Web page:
- Jacob Hirsohn
The Raptors Are Better Than Ever — but They Need to Make a Trade
While you’ve been focusing on the dominance of LeBron James, the return of Chris Paul, and the Stephen Curry-less Golden State Warriors, the Toronto Raptors have quietly solidified themselves as the third best team in the league.
For some reason, that’s a controversial statement. The Raptors have been an elite Eastern Conference team for four years running now, and each time they’ve fallen on their face in the postseason in pretty spectacular ways. They lost to the ancient Brooklyn Nets, were swept out of the first round by the Washington Wizards, scraped out two seven-game series wins only to be obliterated by the Cleveland Cavaliers, then had more or less the same result last year.
It’s a real problem. They become a different team in the playoffs. Even though they clearly have a better resume at this point than the Cavs, I would obviously still pick Cleveland in a playoff series.
But they have made an effort to change that this year, in a way that could work. Toronto is seventh in the league in three pointers attempted after finishing 20th in that category last year. They’re currently tenth in pace of play, after finishing 22nd last year. They said goodbye to some of their veteran contributors to give an opportunity to some young guys, and it’s pretty much worked across the board.
It’s hard to talk yourself into Toronto after the past four years. But now that they’ve finally came into the year 2013 offensively, they could really be one trade away from being a serious contender.
Let’s see if we can figure out that trade for them.
The Big Option: Just Get Rid Of Jonas Valanciunas
Valanciunas is likely in the midst of the best season of his career. He’s taken on a smaller role and is playing within it pretty effectively.
At the end of the day, he just isn’t that good. The effects are always going to show up most on the defensive end. Toronto is elite defensively with Valanciunas on the bench, and pretty bad when is on the floor.
Big centers who can’t shoot or play defense are the least valuable trade asset in the league. Everyone seemingly has one that they can’t get rid of. But JV is only 25, and you have to think Chicago could talk themselves into him.
For Toronto, it’s not like Robin Lopez will change their lives. But it’s more likely Casey will bring him off of the bench, and it’s easier to just yank him from the rotation when necessary. Plus, Lopez’s contract comes off of the books a year earlier.
It’s a small step, but ridding themselves of JV should be a priority for Toronto.
The Now Option: Cash In The Young Guys For A Star
Memphis Grizzlies star Marc Gasol has started the process of forcing a trade. That doesn’t mean he is going to finish the process and, if he does, it doesn’t mean it will be this year. But it is really happening, so it’s worth considering.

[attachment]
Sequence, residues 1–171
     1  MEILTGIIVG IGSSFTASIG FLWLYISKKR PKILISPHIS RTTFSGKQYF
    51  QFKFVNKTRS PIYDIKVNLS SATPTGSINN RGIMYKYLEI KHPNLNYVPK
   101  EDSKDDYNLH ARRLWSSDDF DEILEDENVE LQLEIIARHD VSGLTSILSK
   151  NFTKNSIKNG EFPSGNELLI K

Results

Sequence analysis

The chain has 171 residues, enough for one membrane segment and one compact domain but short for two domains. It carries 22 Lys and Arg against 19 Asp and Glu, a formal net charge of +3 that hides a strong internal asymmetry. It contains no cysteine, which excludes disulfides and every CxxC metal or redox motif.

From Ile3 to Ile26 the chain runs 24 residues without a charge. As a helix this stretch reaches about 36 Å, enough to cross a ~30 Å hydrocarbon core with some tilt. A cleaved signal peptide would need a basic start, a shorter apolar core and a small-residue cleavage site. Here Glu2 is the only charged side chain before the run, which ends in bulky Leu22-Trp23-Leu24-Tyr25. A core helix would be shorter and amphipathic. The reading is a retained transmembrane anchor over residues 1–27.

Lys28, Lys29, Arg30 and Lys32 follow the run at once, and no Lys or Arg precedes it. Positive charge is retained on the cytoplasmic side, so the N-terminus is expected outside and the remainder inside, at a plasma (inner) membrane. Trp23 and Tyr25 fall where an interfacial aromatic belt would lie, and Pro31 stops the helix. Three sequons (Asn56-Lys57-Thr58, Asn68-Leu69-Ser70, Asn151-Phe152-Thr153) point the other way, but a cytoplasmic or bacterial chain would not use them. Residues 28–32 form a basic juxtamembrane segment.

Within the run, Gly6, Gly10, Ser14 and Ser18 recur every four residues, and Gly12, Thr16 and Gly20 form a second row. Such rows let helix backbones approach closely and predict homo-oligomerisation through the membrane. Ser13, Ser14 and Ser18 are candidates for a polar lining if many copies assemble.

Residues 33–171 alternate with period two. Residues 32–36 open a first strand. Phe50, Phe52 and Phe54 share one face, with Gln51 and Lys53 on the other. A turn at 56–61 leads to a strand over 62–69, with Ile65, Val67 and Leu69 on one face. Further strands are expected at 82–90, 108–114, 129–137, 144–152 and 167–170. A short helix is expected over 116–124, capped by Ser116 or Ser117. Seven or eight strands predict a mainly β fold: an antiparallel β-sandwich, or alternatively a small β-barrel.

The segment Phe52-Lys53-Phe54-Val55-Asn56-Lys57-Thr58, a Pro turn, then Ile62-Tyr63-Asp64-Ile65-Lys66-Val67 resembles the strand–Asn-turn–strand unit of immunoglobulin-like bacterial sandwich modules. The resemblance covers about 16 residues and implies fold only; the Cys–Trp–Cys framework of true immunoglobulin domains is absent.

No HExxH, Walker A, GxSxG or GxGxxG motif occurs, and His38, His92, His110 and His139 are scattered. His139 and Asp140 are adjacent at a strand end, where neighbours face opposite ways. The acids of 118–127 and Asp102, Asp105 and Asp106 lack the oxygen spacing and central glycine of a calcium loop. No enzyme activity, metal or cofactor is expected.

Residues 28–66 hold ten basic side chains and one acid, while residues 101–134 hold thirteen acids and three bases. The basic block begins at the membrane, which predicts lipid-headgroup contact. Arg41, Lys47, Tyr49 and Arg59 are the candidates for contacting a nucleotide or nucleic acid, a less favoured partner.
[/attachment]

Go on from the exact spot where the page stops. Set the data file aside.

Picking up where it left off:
This doesn’t look like a big haul for Big Spain — the Raptors would definitely have to include multiple picks — but it’s reality. Not only is Gasol on the wrong side of 30 and on a long-term contract, he is also playing terribly right now. If the Grizz want to trade him, they could do worse than a young stud like OG and a bunch of picks.
This would be an unbelievable grab for Toronto. If they can get Gasol back to the way he was playing last year on both ends of the floor, he would be the final piece for the Raptors’ core. He would greatly help their issues with consistency come playoff time. Not many teams could hang with a lineup of Lowry-DeRozan-Miles-Ibaka-Gasol.
This one is a long shot, but the Raptors should offer whatever they can to get Gasol.
The Nuclear Option: Trade DeMar DeRozan
This isn’t a popular opinion, but DeRozan is this team’s ceiling in human form. Every year, they are held back in the playoffs by the fact that his bread and butter comes through the most difficult shot in basketball.
Every single action becomes so much more difficult for Toronto when DeRozan isn’t making shots, because he is the engine that makes this team go. When the game slows down and the defense keys in, that engine begins to sputter. That’s the cause of what I affectionately refer to as “Raptors Disease” in the postseason.
DeRozan is hugely popular in the city and he has been the face of the most successful era in the history of the franchise. It’s unlikely Raptors president Masai Ujiri is even considering trading his star shooting guard. But to people like me, who don’t work for the Toronto Raptors, none of that matters.
I just want to see the Raptors in the NBA Finals and I think they can do it. But not with DeRozan.
With an unstoppable scoring threat like C.J. McCollum next to Kyle Lowry, suddenly things get pretty wide open for this team. As I mentioned previously, the Raptors have started shooting way more from behind-the-arc. But they still aren’t making them at a great percentage. McCollum would complete their rebrand into a modern offense.
It’s unclear whether the Blazers would have interest in DeRozan. I actually like the fit because it makes DeRozan a second option to Damian Lillard. But Portland might be happy with what they have.
Even if this isn’t the trade they make, the Raptors should be looking at DeRozan trades if they ever want to maximize this roster.